I could gush on about this but when it comes down to it, Buzzbee’s slow and long transition from being terrified of water to the water baby I have snoring in the bedroom next to me, constantly reminds me that both my boys are forever surprising me with determination to overcome the obstacles that life throws their way.
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This entry was posted on June 28, 2014. 6 Comments

“This was a happy/sad memory week, mummy”

Over the weekend this was Buzzbee’s description after spreading Bumble’s mum’s ashes with the boys and my father-in-law, at a spot where she loved to visit with the boys and Beedog and watch the dragonflies hovering around this time of year.
At the time of my Mother-in-law’s funeral it was felt that it would be too much for the boys to cope with but we wanted the boys to feel they were still included so we planted a rosebush which coincidentally has the same name as her and the boys asked if at a later time when “daddy and grandpa” were ready could we spread roses on the water at their favourite spot to say “goodbye”.

I would be lying if I didn’t say it was emotional and despite neither of my boys outwardly showing their pain. There endless chatter and flip flopping mood swings, spoke volumes.
However, a midst the solemnity of the event, all including my FIL could not help bursting into laughter at Bumble’s expense and agree that where ever ‘granny’ was now, she would have been laughing too.
Bumble slipped on the bank and fell feet first into the water and ended up with very wet trouser, shoes and a muddy bottom (he claims Beedog got the bank wet).

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So, Buzzbee’s statement, I thought was (in Waxy’s words) ‘bang on’ and I told Buzzbee this and he was horrified.
“Mummy you forgot all the other happy memories we had this week!”
He was right – Grandpa’s visit brought happy memories as well sad ones.

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This post was written as part of ‘The Adoption Social’ memory box

This entry was posted on June 26, 2014. 2 Comments

Wild Calm

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In England’s green and pleasant land

We live in a beautiful village where you only have to walk 5 minutes in any direction and you are surrounded by peaceful and picturesque scenes of flowing streams, lush and endless woods and farmland to walk along.

Once a week Buzzbee climbs into the car and we head off on our 35 minute trip to Forest school. Our journey will take us through 3 peaceful villages, past 4 sets of traffic lights, over 8 roundabouts and along two very busy bypasses – In Buzzbee’s words “everyone is always in a hurry and no one is noticing the world around them”.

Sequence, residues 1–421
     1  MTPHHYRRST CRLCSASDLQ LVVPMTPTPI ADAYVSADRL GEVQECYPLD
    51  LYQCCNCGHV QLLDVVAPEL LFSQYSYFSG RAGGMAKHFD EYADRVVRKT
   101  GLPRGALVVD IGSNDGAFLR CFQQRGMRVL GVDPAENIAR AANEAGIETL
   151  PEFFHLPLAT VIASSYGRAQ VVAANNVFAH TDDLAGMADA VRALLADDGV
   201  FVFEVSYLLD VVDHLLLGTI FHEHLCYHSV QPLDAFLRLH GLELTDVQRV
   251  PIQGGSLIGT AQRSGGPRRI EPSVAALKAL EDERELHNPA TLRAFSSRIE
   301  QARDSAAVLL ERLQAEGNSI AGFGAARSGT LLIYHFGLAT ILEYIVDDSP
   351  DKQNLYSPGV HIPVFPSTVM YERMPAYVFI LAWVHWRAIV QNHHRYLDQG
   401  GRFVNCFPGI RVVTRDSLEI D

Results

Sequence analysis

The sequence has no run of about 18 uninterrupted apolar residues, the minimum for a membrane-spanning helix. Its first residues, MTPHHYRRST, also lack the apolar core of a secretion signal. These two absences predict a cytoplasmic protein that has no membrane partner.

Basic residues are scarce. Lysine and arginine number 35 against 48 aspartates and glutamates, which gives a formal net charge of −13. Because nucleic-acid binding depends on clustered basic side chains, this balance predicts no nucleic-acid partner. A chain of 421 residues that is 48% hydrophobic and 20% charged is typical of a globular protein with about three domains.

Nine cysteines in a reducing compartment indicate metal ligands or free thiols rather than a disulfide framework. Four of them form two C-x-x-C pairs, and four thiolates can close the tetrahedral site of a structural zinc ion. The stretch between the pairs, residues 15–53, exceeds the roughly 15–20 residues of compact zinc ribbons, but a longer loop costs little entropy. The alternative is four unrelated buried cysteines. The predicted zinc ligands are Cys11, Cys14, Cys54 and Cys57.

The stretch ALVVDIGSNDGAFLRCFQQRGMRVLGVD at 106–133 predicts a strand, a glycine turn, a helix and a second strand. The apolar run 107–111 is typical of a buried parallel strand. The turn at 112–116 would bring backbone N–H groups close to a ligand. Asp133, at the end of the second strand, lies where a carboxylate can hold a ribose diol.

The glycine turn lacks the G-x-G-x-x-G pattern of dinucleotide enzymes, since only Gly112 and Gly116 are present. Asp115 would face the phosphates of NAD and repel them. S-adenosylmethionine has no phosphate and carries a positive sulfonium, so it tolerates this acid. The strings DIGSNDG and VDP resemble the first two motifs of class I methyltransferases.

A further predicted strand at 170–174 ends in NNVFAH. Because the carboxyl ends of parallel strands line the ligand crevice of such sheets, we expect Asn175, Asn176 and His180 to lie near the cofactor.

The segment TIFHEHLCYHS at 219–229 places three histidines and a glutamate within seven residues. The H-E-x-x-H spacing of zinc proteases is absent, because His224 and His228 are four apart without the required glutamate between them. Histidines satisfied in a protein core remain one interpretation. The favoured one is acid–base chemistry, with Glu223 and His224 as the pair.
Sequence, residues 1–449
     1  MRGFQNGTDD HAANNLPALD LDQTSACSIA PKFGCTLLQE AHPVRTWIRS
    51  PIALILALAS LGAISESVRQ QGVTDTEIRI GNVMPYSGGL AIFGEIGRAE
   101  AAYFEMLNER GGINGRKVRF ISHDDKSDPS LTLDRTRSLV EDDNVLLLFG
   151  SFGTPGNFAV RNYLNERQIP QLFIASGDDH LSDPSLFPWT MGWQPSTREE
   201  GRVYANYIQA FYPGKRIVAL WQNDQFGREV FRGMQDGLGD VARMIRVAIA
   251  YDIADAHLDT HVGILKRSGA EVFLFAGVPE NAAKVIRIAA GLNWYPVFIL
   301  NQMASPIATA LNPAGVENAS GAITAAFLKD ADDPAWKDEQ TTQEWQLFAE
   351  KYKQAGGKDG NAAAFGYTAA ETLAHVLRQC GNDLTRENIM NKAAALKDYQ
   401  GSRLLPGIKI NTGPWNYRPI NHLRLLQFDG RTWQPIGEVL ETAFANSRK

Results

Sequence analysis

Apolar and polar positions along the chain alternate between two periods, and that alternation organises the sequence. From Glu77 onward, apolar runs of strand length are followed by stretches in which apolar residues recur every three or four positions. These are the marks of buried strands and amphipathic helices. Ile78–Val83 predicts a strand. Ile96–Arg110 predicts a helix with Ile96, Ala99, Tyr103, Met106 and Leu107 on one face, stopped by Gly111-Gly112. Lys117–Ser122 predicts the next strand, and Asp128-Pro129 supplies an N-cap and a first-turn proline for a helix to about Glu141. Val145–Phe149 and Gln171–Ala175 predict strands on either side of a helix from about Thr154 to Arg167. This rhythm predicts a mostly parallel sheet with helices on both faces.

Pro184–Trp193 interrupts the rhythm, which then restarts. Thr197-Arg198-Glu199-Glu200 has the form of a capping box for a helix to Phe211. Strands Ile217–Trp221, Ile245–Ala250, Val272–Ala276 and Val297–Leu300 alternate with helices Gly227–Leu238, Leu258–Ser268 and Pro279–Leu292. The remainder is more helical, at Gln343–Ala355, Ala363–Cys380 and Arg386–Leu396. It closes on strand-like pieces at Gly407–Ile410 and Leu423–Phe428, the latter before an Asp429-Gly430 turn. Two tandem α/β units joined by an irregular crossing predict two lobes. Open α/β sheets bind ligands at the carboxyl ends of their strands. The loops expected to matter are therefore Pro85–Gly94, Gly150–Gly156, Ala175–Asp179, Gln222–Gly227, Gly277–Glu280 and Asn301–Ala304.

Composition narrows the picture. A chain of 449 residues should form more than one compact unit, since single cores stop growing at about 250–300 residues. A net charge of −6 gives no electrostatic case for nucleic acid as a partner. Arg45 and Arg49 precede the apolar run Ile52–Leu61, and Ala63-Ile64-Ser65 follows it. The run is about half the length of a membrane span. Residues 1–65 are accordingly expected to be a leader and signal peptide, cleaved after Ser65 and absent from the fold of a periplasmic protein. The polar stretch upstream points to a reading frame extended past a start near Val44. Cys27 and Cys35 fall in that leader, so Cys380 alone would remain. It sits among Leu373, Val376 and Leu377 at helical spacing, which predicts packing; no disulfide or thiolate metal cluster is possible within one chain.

From the backseat of the car a clean and tidy Buzzbee is busy ‘OOOing and AHHHing’ as he entertains himself by looking out of the car window watching the scenery whizz by. He hardly notices the colourful array of vehicles and their fractious drivers. All he can see is the Buzzard soaring in the sky just ahead of us or the Kestrel sitting on the fence patiently watching its prey to make its move.  Buzzbee notices how the surrounding farm land has turned into a green and lush oasis for the cows and their calves. He will spot a ‘lonely bunny’ sat by the hedgerow contemplating whether it should try and cross the road – already Buzzbee is absorbing the euphoria of the ‘great outdoors’ and beginning to relax – anyone who has ever met Buzz would know that he is highly strung, extremely volatile and stressy, and his anxiety/cortisol levels are almost permanently through the roof.

As we reach our destination Buzzbee’s chatter becomes rapid and mindboggling, but not in a negative way. He can no longer contain his excitement for what his day at forest school will bring – “Will the cockerel chase you today mummy?”, “I am not going to swear today and if Boris annoys me I am going to just walk away”, “I’m going to ask Richard if he can help me build a bigger den”, “Last week they taught us how to put out a fire if our clothes caught alight. This week they are going to teach us how to carry someone who is hurt as a team”, “It is a sunny day! I will have to work really hard at showing you I have had a good day” (translation: “I left home clean mummy, if you pick me up and I am not muddy, you may think I had a bad day”) – now I am not naive, some of this is anxiety driven, but in his own funny way this is him telling me that he is unsure about what today will bring, but that he knows whatever it is, he can do it and make the right choices.